The conduct of each of the defendants was reasonable and appropriate given the obvious need for the application of force to quell the melee and subdue the plaintiff. "Prison administrators ... should be accorded wide ranging deference in the adoption and execution of policies and practices that in their judgment are needed to preserve internal order and discipline and to maintain institutional security." Bell v. Wolfish, 441 U.S. 520, 547, 60 L. Ed. 2d 447, 99 S. Ct. 1861 (1979). When the "ever present potential for violent confrontation and conflagration ripens into actual unrest and conflict, the admonition that a prisons's internal security is peculiarly a matter normally left to the discretion of prison administrators carries special weight." Whitley v. Albers 475 U.S. 312, 321, 89 L. Ed. 2d 251, 106 S. Ct. 1078 (1986) (emphasis in original)(internal quotations and citations omitted.) It must be remembered that guards confronted with a prison disturbance, and, as here, an inmate using a prison issued lethal weapon, must make their decisions how to diffuse the situation "in haste, under pressure and frequently without the luxury of a second chance." Whitley v. Albers, 475 U.S. at 320. It is without hesitation that I find that the plaintiff failed to meet his burden of proof on the claimed violation of the Eighth Amendment.1a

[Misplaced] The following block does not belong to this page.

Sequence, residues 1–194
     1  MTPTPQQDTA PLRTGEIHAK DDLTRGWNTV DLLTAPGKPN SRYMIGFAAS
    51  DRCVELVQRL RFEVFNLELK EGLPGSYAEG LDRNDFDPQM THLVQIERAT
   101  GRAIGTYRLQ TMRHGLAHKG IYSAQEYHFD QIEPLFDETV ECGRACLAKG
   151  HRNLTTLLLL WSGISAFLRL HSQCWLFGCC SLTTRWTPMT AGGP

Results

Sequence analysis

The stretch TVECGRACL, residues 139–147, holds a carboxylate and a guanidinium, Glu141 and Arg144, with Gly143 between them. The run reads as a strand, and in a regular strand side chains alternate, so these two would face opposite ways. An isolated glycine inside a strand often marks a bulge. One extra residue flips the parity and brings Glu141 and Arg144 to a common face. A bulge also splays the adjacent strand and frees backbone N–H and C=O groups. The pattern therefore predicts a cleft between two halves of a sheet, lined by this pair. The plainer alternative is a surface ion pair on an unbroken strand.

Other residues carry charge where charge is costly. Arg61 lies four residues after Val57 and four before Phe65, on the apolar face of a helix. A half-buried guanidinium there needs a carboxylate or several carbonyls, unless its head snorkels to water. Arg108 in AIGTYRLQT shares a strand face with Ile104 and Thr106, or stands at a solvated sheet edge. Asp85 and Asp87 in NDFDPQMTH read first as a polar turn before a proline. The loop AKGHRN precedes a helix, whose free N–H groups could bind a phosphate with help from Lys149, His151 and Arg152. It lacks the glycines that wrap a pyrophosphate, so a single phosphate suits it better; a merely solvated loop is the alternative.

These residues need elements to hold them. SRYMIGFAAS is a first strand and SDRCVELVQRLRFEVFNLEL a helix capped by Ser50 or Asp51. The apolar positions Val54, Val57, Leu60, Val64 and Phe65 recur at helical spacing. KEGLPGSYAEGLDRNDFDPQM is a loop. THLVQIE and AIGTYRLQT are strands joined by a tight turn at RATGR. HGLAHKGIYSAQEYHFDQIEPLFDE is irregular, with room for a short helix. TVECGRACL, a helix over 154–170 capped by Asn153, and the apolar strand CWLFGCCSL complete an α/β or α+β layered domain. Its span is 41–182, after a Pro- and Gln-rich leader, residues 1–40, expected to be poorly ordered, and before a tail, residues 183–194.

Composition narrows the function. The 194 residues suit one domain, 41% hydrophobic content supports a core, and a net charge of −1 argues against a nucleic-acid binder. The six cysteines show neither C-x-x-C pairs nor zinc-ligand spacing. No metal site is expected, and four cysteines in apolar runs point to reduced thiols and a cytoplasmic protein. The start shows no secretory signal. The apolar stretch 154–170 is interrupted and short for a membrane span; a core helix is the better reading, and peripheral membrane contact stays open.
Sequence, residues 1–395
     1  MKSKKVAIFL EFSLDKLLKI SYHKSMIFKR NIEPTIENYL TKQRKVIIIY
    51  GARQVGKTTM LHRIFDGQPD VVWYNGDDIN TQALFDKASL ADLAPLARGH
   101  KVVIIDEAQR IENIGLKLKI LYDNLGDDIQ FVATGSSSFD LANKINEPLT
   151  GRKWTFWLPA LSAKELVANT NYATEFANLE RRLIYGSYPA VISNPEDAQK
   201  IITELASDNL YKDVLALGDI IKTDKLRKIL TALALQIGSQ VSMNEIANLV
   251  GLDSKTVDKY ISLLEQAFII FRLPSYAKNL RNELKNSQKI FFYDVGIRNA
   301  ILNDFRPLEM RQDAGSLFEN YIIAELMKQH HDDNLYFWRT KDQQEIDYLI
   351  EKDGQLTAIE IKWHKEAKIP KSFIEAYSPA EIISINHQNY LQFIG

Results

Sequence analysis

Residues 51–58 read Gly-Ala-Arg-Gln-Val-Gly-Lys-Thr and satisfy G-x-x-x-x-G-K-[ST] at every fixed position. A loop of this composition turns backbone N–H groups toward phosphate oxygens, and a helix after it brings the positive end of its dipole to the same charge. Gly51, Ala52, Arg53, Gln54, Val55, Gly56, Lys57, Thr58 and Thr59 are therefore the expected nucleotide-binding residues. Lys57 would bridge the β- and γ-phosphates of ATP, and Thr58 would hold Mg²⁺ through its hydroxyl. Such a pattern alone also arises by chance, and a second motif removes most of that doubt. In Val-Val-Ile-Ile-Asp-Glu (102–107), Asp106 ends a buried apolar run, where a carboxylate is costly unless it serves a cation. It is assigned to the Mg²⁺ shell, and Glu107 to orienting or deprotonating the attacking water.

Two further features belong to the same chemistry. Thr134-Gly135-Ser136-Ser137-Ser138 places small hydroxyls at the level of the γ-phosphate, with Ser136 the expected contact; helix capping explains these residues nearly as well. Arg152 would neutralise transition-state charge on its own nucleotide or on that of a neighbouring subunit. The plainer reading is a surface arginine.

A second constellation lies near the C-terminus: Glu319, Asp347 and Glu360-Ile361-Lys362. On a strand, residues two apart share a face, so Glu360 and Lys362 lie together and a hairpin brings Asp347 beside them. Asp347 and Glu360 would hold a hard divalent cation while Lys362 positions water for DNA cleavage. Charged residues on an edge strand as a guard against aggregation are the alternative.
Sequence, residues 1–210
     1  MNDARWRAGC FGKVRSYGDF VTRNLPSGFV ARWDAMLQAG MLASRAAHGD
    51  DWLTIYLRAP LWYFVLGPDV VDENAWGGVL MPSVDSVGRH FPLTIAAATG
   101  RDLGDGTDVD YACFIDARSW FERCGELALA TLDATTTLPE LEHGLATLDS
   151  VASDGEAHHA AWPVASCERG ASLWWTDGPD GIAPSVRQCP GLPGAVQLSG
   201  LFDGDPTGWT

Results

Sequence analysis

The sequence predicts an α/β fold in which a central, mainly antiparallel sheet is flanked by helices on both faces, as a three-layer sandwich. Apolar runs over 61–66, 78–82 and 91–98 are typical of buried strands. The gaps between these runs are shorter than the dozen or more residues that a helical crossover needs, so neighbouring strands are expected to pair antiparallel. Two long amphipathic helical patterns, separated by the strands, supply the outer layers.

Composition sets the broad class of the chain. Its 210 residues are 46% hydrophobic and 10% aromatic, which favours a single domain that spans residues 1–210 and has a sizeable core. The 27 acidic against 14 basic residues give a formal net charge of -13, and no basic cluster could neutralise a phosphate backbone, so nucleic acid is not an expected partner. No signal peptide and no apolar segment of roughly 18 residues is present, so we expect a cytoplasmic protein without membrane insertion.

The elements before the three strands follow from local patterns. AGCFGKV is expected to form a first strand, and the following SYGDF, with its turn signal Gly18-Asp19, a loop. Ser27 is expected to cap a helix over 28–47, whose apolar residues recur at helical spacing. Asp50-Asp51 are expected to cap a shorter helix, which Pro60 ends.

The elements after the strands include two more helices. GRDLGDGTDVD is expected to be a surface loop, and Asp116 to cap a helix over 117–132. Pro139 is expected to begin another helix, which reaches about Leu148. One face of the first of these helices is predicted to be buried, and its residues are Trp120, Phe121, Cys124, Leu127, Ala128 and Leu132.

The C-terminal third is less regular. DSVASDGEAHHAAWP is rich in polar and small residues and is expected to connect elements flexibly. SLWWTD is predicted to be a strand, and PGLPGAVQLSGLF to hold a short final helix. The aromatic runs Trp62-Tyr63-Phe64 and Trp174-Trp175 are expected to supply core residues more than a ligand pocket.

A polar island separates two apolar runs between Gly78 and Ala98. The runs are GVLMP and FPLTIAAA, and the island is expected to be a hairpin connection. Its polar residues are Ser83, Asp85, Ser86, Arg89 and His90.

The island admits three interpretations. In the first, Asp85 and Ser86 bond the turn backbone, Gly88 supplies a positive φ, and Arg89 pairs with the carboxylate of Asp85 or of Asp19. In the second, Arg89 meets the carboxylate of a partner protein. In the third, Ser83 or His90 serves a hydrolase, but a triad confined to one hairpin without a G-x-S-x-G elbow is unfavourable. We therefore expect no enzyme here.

The core judicial inquiry which this Court must make is "whether force was applied in a good faith effort to maintain or restore discipline, or maliciously and sadistically to cause harm." Whitley, 475 U.S. at 320-321. Based on the evidence presented at trial, I find that the force used by the defendants towards plaintiff on February 10, 1990 was applied in order to protect the safety of other inmates as well as the staff of the correctional facility and was not performed maliciously and sadistically to cause harm. I therefore determine and direct that plaintiff's complaint be and hereby is dismissed.
Jonathan W. Feldman
United States Magistrate Judge
DATED: Rochester, New York
April 26, 1996